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### #ActualHodgman

Posted 26 March 2013 - 08:33 PM

I was sent a PM asking about how I emulate CBuffers on D3D9, but unfortunately the message was lost in the great GDNet server crash of 2012, so I've forgotten the exact question, and it's probably of general interest anyway, so I'm replying to the PM with a post.

If anyone has any other strategies for managing shader parameters in D3D9 / OpenGL, please share them below as well!

Part 0 - why?
D3D9 (without the Microsoft Effect framework, or the CGFX framework) only provides the interface of there being a global set of "constant registers". IMHO, the D3D10/11 abstraction of having a global set of "buffer registers" (each of which contains a number of constants) is not only easier to manage as a user of a graphics API, but also allows for much more efficient rendering systems.

Also IMHO, the GL abstraction of "shader instances" -- an object that contains a link to a program plus all of the constant values to be used with that program -- is the most inefficient abstraction to build an engine on top of, and is hard to manage due to different groups of constants being produced by different sources with different frequencies. The CBuffer abstraction solves all these issues elegantly.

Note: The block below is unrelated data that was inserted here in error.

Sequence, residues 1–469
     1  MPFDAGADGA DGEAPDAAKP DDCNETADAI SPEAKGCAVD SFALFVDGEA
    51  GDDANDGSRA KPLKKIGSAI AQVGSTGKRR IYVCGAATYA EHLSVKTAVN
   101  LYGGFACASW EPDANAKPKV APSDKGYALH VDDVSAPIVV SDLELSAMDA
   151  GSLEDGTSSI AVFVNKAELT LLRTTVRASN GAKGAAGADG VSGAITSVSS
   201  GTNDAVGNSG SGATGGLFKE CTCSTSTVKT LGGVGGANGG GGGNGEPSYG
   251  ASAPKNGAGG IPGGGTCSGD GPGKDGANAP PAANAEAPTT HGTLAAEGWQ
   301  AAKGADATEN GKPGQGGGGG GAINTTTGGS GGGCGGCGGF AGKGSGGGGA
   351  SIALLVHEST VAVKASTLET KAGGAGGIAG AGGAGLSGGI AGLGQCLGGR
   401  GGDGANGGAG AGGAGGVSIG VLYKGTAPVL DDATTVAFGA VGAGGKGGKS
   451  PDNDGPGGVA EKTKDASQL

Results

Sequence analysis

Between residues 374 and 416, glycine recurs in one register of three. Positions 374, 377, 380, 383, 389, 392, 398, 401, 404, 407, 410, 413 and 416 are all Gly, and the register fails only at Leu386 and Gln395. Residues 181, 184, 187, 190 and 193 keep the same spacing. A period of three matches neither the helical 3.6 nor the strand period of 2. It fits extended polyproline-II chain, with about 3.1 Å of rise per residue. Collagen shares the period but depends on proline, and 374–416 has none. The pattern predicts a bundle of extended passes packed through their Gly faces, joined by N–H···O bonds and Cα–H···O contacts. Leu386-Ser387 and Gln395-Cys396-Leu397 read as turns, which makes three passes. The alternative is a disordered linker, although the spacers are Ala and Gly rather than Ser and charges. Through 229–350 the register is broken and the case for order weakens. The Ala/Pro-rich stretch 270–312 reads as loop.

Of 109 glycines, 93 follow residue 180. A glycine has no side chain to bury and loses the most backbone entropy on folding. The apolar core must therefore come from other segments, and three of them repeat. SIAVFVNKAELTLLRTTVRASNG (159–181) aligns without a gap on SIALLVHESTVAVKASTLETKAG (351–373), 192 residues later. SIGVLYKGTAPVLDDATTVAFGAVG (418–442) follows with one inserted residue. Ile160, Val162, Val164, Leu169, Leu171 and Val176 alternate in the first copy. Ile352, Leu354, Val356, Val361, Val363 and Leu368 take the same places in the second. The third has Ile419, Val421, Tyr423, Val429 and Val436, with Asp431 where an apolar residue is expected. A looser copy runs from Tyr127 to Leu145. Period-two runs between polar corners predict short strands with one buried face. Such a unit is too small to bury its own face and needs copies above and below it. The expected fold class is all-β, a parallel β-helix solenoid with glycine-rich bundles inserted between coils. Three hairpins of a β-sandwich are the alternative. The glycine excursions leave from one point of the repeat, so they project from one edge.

Part 1 - describing your cbuffers.
If we're using SM2/3 on D3D9, then we don't have the cbuffer syntax available, so we need an alternate way to describe them when writing our shaders.
One option I've used professionally is to make your own shader language that cross-compiles into HLSL, which gives you the option to use whatever syntax you want -- this requries a large time-investment to get up and running though.

A simple option is to use a naming convention, and lots of manual register specification. Because I want to be able to set the values of an entire CBuffer with one call to Set*ShaderConstantF, we need all variables within a "cbuffer" to be in contiguous registers (hence the manual register allocation).